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College empowers 200 Nigerians with poultry kits, capacity building


Director of Vocational Training, Mr Femi Banjoko (left); Provost of the college, Dr Adejinmi, presenting a carton of day-old chicks to a trainee, with another training consultant.

Two hundred Nigerians have been trained in the art and rudiments of poultry production as part of what the Federal Government calls green revolution agenda to decelerate the unemployment rate and create job opportunities sustainably.

The training programme was undertaken by the Federal College of Animal Health and Production Technology (FCAH&PT), Ibadan, in collaboration with a consulting firm, Realyem OPA Consultancy Ltd.

Provost of the college, Dr Olufunmilayo Adejinmi, revealed that empowerment kits to each of the trainees included 50 day-old chicks, 50kg feeds, drinking and feeding troughs as well as veterinary drugs for the birds.


“The best anyone can do to add value to you is widening your scope in knowledge. The skills you have acquired will go a long way to positively affect your socio-economic life,” she said.

She urged the participants to utilize the empowerment kits given to them and build poultry businesses that would last, employ them and others to realise the larger objectives of food security and employment creation.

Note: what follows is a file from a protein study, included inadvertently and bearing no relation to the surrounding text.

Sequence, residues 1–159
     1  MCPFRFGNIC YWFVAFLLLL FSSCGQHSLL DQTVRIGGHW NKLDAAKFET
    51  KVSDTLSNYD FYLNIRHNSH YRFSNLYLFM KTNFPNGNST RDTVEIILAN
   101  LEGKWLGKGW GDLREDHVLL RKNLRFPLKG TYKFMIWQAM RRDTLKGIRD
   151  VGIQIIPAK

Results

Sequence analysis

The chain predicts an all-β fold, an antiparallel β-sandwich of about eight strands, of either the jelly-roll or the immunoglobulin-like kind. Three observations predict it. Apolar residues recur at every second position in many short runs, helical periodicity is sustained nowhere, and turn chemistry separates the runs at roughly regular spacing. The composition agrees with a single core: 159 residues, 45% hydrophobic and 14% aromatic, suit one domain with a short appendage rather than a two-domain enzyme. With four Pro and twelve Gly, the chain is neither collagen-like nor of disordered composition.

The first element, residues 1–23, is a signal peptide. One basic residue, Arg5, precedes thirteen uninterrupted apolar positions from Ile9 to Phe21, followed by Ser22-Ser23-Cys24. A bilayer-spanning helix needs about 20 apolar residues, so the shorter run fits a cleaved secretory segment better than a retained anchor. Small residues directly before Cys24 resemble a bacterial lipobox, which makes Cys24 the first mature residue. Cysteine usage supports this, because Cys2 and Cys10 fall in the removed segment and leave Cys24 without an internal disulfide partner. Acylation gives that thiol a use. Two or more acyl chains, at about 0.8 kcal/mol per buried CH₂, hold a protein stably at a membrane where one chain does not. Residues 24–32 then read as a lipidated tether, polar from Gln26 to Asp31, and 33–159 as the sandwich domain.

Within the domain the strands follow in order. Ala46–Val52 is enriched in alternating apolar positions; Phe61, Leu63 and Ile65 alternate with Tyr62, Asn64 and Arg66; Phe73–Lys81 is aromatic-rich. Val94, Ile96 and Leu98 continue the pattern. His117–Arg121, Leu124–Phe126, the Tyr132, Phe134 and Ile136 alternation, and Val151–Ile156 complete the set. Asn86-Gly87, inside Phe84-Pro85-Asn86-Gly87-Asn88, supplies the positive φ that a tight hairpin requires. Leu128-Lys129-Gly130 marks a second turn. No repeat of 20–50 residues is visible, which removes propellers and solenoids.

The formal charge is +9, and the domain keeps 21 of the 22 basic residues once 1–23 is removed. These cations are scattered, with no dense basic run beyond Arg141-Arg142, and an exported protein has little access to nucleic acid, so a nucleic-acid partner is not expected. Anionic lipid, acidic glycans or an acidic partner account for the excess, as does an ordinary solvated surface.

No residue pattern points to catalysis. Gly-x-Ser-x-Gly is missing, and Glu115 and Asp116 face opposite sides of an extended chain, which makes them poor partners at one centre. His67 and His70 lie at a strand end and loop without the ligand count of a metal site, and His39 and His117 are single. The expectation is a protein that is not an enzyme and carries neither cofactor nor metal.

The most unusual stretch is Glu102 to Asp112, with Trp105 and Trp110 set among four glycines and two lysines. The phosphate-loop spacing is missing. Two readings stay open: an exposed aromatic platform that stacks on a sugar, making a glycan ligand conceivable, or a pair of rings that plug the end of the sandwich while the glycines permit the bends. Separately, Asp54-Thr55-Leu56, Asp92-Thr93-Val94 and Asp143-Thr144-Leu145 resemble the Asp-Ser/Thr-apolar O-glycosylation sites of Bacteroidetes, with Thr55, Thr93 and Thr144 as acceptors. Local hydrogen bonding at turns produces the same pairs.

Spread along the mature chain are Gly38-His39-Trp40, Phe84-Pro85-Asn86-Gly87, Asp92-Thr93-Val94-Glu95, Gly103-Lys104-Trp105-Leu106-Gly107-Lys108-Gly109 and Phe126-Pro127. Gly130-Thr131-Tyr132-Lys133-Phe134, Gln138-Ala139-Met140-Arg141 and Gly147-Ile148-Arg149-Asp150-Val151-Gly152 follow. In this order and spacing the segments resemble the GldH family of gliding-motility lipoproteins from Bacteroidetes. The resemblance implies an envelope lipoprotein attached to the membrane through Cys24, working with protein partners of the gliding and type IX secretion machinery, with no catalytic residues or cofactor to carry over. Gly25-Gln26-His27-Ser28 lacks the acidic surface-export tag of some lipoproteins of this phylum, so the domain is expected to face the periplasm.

Meanwhile, the Director of Vocational Training in the college, Mr Olufemi Banjoko, expressed optimism that the modern techniques in poultry production that the participants were exposed to would help them to become self-employed, creative and productive.

Banjoko said the 200 million population of the country constitutes a strong market where poultry products could not become redundant, urging the participants to see agribusiness opportunities in the growing population and the need for healthy and wholesome foods.

The 200 participants, he said, were selected from all states of the federation in the country.

One of the beneficiaries of the three-day capacity building, one Mr Peter Odion, a retiree from Radio Nigeria, said the capacity building in poultry production would make him manage his backyard poultry well and possibly upscale its production.

Another participant, one Mr Stephen Akinduro, said he had worked in a vet clinic and needed the poultry training to start a farm so he could become self-employed and take care of his family.

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